Truck drivers must abide by strict rules and be tested regularly for alcohol and drug use. But even legal drugs, such as prescription medications, can result in impaired driving. Certain medications cause drowsiness, dizziness, or other side effects that make it difficult to operate a large truck. If a truck driver who causes an accident is found to be under the influence of alcohol, drugs, or medications, they could be held liable for any injuries resulting from the accident.
An aggressive driver may ignore right-of-way rules, tailgate the vehicle in front of them, change lanes without signaling, or otherwise act in an irresponsible and belligerent manner on the road. Such actions are often illegal and are always dangerous. An aggressive truck driver who causes an accident could be liable for their actions, as could their employer.
One of the most common truck accidents causes is unrealistic time constraints on truckers. Trucking companies make money by delivering goods as quickly as possible. Companies that deliver more goods in less time make more profits. In pursuit of greater profit margins, trucking companies may pressure their drivers to travel faster than is realistic, safe, or legal. If a truck driver under severe time constraints causes an accident, their employer could be liable.
Another common cause of truck accidents is inexperienced truck drivers. The trucking industry has one of the highest turnover rates in the country. This results in many new truck drivers being hired. However, a truck driver in training is not making their employer any money. Consequently, trucking companies may push inexperienced or poorly trained drivers out on the road before they are ready. If a novice driver causes an accident, the trucking company could be held responsible for failing to provide sufficient training.
Properly loading a truck’s cargo is essential to maintaining safety on the road. If the load is imbalanced, something as simple as a sharp curve in the road could result in a terrible accident. If a load is unsecured and spills out onto the interstate, multiple vehicles could be severely damaged in the aftermath. Various parties could be liable for such accidents, including the truck driver, the carrier that employs them, the owner of the cargo, and any third party that loaded the truck.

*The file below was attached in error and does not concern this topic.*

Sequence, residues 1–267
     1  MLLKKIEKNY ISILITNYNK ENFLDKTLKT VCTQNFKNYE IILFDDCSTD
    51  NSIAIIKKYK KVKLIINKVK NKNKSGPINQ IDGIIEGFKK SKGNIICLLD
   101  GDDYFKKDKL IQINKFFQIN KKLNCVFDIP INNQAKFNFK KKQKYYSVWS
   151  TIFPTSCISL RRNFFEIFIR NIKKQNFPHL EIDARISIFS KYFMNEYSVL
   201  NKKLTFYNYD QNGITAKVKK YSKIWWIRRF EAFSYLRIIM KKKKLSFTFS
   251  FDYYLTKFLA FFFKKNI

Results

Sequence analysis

Large commercial trucks must undergo strict maintenance and inspection protocols to ensure all parts and equipment are functioning properly. When a piece of equipment fails while in operation, such as a brake malfunction or a tire blowout, the driver could lose control of the truck, resulting in a devastating accident.
When a large truck and a smaller vehicle collide, the smaller vehicle can get wedged violently underneath the tractor-trailer in what is called an undercarriage accident. Undercarriage accidents typically occur because of driver negligence, poor weather conditions, or a combination of both. When a car slides underneath a tractor-trailer, severe or fatal injuries can occur.
If you were injured in a truck accident in Greenville, The Melonakos Law Firm can help you seek compensation from the at-fault driver, their employer, or other responsible parties. Contact us today for a free consultation with an experienced South Carolina truck accident attorney.